The art world can be both an exciting and complicated sphere, one filled with vibrance and virtuosity, but uncertainty for those who have little knowledge of the presentation and preservation of fine art. Fortunately, Box Galleries caters to both the novice and connoisseur…
Located within the creative borough of Chelsea on the illustrious King’s Road, art professional Emma Moir launched Box Galleries in 2012 after departing from the world of mainstream galleries and embarking on her own business venture. Specialising in compelling works of contemporary art, the gallery not only boasts an eclectic and impressive array of both emerging and established artists – Damien Hirst, Terry O’Neill and Andy Warhol, to name a few – but also offers a unique installation service for clients, enabling them to experience the works before they purchase.
From ‘meet the artist’ events to gallery wine tastings and sensational collaborations with the likes of Bluebird, Beaufort House and 45 Park Lane – plus, talk of a Dubai and Beverly Hills pop-up – Box Galleries is forever evolving with Moir strongly at the helm. We spoke to the trailblazing founder about what it takes to operate a London gallery, plans for the future, and her long-established love for contemporary art…
What propelled you to launch Box Galleries in 2012?
Essentially, I saw that there was a gap in the market. There were lots of commercial print-oriented galleries and high-end galleries (the Mayfair, have to ring the bell, quite intimidating galleries), so I wanted to represent both emerging artists as well as high-end investment work side by side in a comfortable, non-intimidating environment. A place where people can come to buy their first original, or their first piece of special artwork for £200, or spend £200,000 and build an investment collection – that was the main goal.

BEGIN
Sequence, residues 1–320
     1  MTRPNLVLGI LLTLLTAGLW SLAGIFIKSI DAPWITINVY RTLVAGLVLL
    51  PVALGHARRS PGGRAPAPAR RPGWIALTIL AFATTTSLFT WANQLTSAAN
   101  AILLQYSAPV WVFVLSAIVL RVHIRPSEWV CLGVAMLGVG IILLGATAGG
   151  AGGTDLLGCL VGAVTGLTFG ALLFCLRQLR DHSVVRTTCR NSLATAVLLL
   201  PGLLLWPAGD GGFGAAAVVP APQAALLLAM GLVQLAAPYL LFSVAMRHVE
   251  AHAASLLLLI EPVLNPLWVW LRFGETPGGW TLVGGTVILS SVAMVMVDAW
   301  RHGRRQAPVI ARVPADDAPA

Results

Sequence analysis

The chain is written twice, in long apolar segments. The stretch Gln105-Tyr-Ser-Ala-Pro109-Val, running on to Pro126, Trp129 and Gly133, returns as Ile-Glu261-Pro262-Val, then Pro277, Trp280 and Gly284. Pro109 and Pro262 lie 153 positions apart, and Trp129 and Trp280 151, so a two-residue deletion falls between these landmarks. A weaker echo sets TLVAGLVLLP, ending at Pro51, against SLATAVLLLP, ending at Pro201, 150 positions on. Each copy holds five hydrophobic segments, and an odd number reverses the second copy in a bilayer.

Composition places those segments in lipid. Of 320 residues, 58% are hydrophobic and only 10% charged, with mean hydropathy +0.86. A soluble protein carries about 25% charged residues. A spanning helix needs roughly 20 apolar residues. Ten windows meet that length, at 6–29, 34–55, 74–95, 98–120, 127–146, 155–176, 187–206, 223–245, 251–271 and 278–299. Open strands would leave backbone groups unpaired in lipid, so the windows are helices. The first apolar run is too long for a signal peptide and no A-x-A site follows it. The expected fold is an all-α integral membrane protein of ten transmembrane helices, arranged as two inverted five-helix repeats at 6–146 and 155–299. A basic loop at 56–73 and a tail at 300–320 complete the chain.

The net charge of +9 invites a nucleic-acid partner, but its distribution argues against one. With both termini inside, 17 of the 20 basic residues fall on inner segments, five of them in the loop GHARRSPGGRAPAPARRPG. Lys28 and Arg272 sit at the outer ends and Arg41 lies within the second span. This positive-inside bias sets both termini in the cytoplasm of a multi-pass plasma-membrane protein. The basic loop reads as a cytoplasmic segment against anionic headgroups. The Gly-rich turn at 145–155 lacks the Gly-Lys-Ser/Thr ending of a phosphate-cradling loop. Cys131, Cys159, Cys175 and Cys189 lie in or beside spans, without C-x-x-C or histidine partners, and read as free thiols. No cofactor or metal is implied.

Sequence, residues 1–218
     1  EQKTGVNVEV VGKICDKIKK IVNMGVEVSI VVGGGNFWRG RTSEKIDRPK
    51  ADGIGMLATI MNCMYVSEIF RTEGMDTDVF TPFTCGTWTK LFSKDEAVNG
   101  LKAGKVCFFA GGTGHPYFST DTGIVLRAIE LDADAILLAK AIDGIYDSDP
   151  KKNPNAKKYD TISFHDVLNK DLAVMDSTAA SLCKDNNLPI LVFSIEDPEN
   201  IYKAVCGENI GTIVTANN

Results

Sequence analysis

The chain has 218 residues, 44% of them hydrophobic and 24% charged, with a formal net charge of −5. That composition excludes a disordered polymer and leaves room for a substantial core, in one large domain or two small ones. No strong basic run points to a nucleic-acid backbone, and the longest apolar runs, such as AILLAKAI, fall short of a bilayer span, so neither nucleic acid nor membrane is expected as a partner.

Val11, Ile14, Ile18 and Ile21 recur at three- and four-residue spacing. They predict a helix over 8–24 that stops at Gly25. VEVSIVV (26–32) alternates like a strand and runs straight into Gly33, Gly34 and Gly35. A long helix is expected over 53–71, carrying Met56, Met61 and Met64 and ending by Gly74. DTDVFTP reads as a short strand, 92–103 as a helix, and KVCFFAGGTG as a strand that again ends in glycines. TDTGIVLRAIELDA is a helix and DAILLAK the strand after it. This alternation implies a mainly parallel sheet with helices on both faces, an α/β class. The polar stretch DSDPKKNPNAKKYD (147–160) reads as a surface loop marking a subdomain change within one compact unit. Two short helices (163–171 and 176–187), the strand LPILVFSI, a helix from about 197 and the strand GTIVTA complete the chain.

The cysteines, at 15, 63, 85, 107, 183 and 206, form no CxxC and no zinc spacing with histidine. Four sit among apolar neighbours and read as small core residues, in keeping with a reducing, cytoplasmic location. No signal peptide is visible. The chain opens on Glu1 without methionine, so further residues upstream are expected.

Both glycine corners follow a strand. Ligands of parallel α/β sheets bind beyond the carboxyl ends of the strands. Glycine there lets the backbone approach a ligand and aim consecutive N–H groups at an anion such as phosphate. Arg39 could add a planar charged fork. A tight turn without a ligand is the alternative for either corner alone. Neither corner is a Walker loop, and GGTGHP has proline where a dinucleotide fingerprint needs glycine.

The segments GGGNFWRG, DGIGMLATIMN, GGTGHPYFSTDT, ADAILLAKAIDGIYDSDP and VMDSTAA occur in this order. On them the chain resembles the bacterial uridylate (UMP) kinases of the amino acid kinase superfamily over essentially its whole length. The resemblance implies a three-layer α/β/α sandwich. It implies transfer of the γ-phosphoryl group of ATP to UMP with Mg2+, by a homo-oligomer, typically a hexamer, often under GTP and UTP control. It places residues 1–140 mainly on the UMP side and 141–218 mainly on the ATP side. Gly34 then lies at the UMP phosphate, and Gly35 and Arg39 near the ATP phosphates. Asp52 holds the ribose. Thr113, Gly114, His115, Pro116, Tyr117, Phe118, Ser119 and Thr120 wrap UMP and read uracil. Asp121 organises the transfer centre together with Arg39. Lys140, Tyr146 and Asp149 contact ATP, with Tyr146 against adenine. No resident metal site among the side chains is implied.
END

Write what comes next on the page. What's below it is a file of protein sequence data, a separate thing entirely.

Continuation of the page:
How challenging was launching an independent gallery?
There’s obviously been difficulties along the way and a lot of people do question why I would want to go through the stress and responsibility, but I never really thought about it in that way. I believed in what I was doing and I found artists that I truly spent a lot of time looking for and building relationships with, so I personally couldn’t find it difficult. There are bumps along the road but I think if you have a clear vision and you’re focused, then there’s no reason to not take the risk.
Was art always a passion of yours growing up?
Definitely. My grandmother was a landscape artist up in Scotland and I always painted myself. Although I studied law at University, I always knew that I wanted to work within something creative, but that was a great degree and platform because I wanted to work in the business side as well.
What drew you to specialise in contemporary art?
To be honest, it’s a personal preference for me. As much as I try and detach my personal passion or taste from the artworks that we sell, because it’s not to say that other people will like it, I really love and have a passion for the genre and I think you have to just go with that feeling.
Where does that passion come from?